Succinctly, EO describes when one organization is being more entrepreneurial than another.
Firms are described as having an entrepreneurial orientation (EO) when they support and manifest entrepreneurial behavior with sufficient regularity for this behavior to become a defining organizational attribute or characteristic (Covin & Wales, 2019). As an organizational attribute, EO permeates a firm’s managerial philosophies and decision-making practices, its configuration of organizational elements, as well as its strategic behavior (see Wales, Covin, & Monsen, 2020).
As a management style, EO captures the goals, beliefs, logics, decisions, and communications which demonstrate organizational commitment to new value creation.
As an organizational configuration, EO captures internally directed conduct to create complimentary processes, routines, structural choices, and cultural climates which foster a pattern of entrepreneurial behavior.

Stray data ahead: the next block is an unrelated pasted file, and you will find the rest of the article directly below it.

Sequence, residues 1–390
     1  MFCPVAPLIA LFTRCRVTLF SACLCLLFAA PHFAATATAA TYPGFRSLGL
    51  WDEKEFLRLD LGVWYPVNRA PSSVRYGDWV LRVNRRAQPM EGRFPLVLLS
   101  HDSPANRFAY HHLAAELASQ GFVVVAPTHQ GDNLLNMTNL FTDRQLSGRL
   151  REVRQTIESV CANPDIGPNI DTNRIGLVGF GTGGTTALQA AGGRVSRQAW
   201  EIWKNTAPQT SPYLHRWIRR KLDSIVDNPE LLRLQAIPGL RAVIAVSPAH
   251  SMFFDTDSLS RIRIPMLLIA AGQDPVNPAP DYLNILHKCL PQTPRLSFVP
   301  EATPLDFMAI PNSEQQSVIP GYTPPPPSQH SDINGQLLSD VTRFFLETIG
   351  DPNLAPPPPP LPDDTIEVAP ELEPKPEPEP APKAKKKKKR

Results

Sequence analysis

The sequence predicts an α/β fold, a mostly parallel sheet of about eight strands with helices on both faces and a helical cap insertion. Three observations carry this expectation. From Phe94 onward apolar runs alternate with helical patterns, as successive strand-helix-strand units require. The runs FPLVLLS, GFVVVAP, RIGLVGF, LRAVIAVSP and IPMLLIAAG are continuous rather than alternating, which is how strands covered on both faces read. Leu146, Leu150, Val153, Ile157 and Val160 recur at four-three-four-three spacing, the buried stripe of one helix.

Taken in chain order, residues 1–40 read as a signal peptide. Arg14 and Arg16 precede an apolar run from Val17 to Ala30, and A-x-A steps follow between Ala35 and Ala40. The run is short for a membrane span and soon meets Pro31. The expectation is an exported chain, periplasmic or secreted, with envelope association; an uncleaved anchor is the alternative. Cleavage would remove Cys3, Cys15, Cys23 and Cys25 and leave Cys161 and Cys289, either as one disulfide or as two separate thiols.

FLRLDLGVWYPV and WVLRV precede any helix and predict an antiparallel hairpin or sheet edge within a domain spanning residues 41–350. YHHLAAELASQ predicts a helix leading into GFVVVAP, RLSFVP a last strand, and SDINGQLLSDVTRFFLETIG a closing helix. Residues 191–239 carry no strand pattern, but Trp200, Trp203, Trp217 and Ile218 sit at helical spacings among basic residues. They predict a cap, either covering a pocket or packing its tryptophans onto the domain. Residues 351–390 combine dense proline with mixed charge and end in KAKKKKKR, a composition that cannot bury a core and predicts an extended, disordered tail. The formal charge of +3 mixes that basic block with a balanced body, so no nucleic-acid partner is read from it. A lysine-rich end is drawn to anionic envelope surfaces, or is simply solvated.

Finally, organizational entrepreneurial behavior is ultimately manifest in terms of externally directed new entries (products, services, ventures, etc.) targeted at the exploitation of opportunities for new value creation in the market.
In brief, entrepreneurially-oriented firms support and exhibit a sustained pattern of new entry over time that is generally characterized by innovation, proactiveness, and risk-taking (Wales, 2016). These and other contextually relevant dimensions such as competitive aggressiveness or autonomy (Lumpkin and Dess, 1996) may be explored in aggregate or isolation (Covin & Wales, 2012), though scholars recommend reporting both aggregate and individual effects when conducting research exploring a firm’s EO (Miller, 2011; Wales, 2016).
Wales, W. J., Covin, J. G., & Monsen, E. (2020). Entrepreneurial Orientation: The Necessity of a Multi-Level Conceptualization. Strategic Entrepreneurship Journal.